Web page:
Train Your Brain — and Compete with Facebook Friends — on iPhone App BrainBox

BrainBoxEducational games have long been an untapped market. There have been a number of attempts to teach people meaningful information through video games, but more often than not, they have come off as boring. There hasn’t been much beyond Brain Age on the Nintendo DS that truly has hypnotized players since Carmen Sandiego. However, with new media comes new attempts, thus the guys over at Appbird gave it a shot with their iPhone application, BrainBox.

The game is a compilation of six mini-games meant to train your mind on the go. The focus is on mathematics, memory, and vocabulary. When players start it up, they are prompted with a login for Facebook. Seamlessly, BrainBox connects you to your account, and it’s time to play.

Greeted with a bubbly, up-beat tune that sounds like something from the Roaring 20’s, we had high hopes for this title, and dove right into the word games, Wordsort and Worldbuilder. The former is pretty basic, in which players are given a period of time to tap words in alphabetical order. Tap one wrong, and the iPhone vibrates and you move on. The lists become increasingly longer and more complex as you proceed, and at the completion you are given the stats on how many you got correct and your score.

In terms of social elements, these scores can then be posted to your feed, and you are also capable of sending direct challenges to your Facebook buddies. Additionally, the scores are all tracked individually – for each mini-game – and you can see everyone’s ratings, via a leaderboard, for each game as well as everything cumulatively.

WordsortAs great as the Facebook Connect system is, Wordsort is still a bit boring, so we moved on to Wordbuilder, which consists of a grid of random letters and the task of making as many words as possible. Well, if you are the voluble type, this is actually kind of fun, but the game tends to squawk at you whenever you use some plural forms. Visually, it is about the same as a giant calculator pad, only with letters.

Speaking of calculation, the two math games were about the same level. Fastmath is solving simple, elementary equations as quickly as possible and Fifteen is to line up numbers sequentially (again, quickly). Truth be told, these are fantastic for learning basic math, and not a bad thing to have around, if you have kids. But it feels a bit bland for adults.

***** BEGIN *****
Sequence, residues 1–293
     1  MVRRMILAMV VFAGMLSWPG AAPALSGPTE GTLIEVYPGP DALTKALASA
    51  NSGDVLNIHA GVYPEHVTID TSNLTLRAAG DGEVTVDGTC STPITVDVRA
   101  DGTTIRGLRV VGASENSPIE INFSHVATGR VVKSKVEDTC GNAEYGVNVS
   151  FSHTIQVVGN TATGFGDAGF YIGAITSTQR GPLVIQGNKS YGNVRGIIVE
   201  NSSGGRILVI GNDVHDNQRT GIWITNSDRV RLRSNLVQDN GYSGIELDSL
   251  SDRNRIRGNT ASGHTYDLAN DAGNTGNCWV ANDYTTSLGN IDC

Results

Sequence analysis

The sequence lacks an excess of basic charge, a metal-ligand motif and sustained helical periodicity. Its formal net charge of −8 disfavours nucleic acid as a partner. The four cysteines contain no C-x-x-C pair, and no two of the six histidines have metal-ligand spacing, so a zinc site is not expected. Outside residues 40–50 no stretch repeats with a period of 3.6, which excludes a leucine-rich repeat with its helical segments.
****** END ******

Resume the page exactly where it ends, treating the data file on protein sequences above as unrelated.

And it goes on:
The last two games are Sequence and Sudoku. Sequence is a memory game where you have a few seconds to memorize where randomly place letters or numbers are and tap where they were in the correct order. This one is actually extremely challenging, but once you get to around seven to nine letters/numbers, it is literally impossible for the average human being to remember it. Short term memory just doesn’t remember that much. Sure, you could write it down, but doesn’t that sort of defeat the point?

SudokuSudoku, however, was actually a lot of fun. Oddly enough, Appbird assumes that everyone knows how to play Sudoku, and no directions are given beyond choosing a difficulty level. For those unfamiliar, the basic premise to the game is that players are given an 9×9 grid, divided into 3×3 grids called “regions.” The idea is to fill each region with numbers 1 – 9. However, some numbers are already filled in and you cannot place the same number more than once in any row, column, or region.

What made Sudoku fun, however, was that it was actually a game. Everything else in BrainBox is more or less the same as a text book. There is no style or flair to the app, and nothing really to attract the player and keep them interested like in Playfish’s Who Has The Biggest Brain? or wooga’s Brain Buddies. Granted, it is a fantastic application for training your brain, but it is hardly worth the $2.00 if you’re looking for something entertaining.